I was always an admirer of the people who left everything behind and set off into the wild in order to live “authentic” lives. I remember when I first encountered the raw passion of Walt Whitman’s Leaves of Grass and the idealistic yearning of Henry David Thoreau’s Walden Pond. I remember when I first read these words of Thoreau’s: “I went to the woods because I wished to live deliberately, to front only the essential facts of life, and see if I could learn what it had to teach, and not, when I came to die, discover that I had not lived.”

How will I learn to live deliberately? After reading these words long ago, I walked down the brick paths of my university campus and stared at the first green leaves dotting the bare branches around me. And I asked myself: How will I learn to live deliberately? How will I figure out how to live at all?

Recently I read a fascinating book by Jon Krakauer called Into the Wild. It is a true story about a college graduate named Chris McCandless who hitchhiked to Alaska in 1992 and walked alone into the wilderness. He had donated all of his savings to charity, left behind all of his possessions and burnt all the cash in his wallet. In the end, this young man dies of starvation. Some dismiss his journey as foolish and irresponsible. But others believe that Chris was sincere in his beliefs and at least had the courage to try to live according to them.

He writes to one of his friends during his journey: “So many people live within unhappy circumstances and yet will not take the initiative to change their situation because they are conditioned to a life of security, conformity and conservatism, all of which may appear to give one peace of mind, but in reality nothing is more damaging to the adventurous spirit within a man than a secure future. Don’t settle down and sit in one place. Move around, be nomadic, make each day a new horizon” (Into the Wild, p. 58). After I finished the book, I began to think about courage and the wilderness a little more.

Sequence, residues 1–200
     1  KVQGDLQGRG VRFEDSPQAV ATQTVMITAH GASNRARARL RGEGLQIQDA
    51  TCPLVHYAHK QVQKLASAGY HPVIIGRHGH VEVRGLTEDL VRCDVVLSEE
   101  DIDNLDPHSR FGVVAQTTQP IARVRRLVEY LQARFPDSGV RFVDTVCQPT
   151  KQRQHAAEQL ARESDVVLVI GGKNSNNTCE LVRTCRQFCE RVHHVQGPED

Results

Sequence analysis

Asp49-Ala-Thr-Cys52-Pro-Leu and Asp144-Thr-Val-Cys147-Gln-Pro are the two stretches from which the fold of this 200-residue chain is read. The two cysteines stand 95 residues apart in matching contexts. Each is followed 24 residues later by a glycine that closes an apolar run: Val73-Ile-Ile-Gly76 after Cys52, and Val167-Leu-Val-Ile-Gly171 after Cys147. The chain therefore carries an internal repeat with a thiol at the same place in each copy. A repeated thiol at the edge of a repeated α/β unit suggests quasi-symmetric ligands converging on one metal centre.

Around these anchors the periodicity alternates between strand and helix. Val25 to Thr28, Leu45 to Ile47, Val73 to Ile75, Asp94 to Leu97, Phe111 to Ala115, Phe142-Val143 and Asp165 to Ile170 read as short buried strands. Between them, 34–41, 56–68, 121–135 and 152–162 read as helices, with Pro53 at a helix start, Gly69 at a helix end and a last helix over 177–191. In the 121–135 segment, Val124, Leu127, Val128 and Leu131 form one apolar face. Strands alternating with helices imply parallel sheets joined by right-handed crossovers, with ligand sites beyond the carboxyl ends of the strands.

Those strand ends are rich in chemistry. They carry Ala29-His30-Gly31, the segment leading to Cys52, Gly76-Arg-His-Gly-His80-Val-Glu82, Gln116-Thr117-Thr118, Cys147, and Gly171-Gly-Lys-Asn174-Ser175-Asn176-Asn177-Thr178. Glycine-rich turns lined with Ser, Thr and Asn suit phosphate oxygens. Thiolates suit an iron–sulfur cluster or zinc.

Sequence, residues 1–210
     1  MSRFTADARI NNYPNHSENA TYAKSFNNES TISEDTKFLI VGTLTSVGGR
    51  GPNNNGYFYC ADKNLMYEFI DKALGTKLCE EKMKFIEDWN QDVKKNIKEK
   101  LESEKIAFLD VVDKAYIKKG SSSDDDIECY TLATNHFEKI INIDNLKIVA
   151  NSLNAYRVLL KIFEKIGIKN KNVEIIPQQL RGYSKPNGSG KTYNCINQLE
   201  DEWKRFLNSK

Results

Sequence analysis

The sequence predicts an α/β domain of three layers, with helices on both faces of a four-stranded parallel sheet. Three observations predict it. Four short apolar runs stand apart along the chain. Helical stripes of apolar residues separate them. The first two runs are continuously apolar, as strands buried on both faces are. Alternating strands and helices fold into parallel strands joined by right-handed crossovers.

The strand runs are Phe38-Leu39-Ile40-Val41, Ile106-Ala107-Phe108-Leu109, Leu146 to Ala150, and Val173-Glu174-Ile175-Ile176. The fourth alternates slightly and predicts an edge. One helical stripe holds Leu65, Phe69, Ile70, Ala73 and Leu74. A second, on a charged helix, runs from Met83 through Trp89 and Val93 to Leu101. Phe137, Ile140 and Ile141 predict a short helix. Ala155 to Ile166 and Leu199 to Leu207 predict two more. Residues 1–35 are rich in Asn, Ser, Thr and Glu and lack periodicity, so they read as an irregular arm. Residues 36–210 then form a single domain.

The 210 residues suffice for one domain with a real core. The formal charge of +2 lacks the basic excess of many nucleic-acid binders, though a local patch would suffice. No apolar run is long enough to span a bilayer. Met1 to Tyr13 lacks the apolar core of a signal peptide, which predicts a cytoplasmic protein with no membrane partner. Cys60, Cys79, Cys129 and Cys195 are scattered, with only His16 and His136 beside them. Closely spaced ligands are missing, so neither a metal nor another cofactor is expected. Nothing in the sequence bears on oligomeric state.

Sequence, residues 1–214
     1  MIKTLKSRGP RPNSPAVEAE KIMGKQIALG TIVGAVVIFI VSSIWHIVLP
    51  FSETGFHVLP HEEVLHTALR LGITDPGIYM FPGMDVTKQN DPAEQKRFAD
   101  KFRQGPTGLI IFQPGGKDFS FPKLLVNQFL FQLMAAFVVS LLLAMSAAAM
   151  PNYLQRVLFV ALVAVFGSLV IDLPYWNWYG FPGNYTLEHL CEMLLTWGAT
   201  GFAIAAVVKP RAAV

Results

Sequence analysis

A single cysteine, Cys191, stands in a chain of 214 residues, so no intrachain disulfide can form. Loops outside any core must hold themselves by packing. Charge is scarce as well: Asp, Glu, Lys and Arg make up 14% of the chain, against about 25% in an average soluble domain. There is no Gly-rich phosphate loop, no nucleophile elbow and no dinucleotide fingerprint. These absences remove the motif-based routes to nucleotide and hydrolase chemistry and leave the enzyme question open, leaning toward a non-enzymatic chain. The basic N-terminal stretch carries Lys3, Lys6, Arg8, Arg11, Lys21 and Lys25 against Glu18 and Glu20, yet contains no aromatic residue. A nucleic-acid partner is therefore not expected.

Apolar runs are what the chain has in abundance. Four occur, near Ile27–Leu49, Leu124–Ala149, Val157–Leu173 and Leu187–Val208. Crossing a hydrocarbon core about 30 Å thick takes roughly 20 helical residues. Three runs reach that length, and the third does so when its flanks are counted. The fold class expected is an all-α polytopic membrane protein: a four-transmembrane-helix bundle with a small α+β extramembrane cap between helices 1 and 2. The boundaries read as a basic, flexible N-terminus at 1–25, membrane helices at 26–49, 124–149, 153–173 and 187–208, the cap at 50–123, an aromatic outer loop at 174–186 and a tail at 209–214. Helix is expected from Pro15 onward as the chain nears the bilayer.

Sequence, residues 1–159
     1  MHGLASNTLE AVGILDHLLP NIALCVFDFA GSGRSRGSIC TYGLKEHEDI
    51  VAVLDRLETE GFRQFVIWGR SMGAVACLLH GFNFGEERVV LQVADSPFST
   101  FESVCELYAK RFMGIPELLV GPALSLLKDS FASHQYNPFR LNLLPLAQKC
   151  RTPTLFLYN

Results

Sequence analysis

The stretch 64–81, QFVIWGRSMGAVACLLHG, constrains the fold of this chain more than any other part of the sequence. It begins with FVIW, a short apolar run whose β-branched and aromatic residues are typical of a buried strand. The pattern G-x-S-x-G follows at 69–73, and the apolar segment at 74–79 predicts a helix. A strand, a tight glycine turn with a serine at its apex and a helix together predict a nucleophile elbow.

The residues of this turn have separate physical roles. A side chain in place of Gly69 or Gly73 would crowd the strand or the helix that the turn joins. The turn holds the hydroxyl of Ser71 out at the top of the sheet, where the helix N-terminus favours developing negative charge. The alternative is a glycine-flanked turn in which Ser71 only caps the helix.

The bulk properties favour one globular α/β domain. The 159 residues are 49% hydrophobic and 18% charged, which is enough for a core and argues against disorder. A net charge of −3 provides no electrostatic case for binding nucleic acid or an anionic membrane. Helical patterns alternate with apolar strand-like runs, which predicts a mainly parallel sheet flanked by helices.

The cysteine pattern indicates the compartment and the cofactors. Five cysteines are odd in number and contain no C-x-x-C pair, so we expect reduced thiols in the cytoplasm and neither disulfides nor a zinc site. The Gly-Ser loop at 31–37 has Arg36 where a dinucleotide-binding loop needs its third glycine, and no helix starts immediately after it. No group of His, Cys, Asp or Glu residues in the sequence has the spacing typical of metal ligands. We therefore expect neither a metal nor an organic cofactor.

Since my earliest years, I have been enthralled with nature. Everything fascinated me, from the tiniest flower to the grandest ocean. I guess most children are like that, constantly longing to be outside and part of the hugeness of the universe. But that yearning only became stronger as I grew. I felt like I belonged when I was diving between the ocean’s waves. I found peace along rocky mountain trails, drinking in the brilliant blue sky and the vibrant green forest. Skiing down pure white slopes, I glimpsed a spark of potential in every icicle. Scuba diving hundreds of feet beneath the water’s surface, I stared at colors and shapes that whispered of unknown worlds, waiting to be discovered.

There are two ways to use the beauty of this worldBut when I think a bit more deeply about my pull to the wild, I realize that there are two ways to use the beauty of this world. One way is to walk into the wild in order to escape one’s inner turmoil. Get away from it all. Find some peace and quiet. Block out the pressures of life by distracting oneself with nature’s beauty. There is nothing wrong with this approach, but there is another approach that takes far more courage. And that is to walk into the wild in order to go towards one’s self.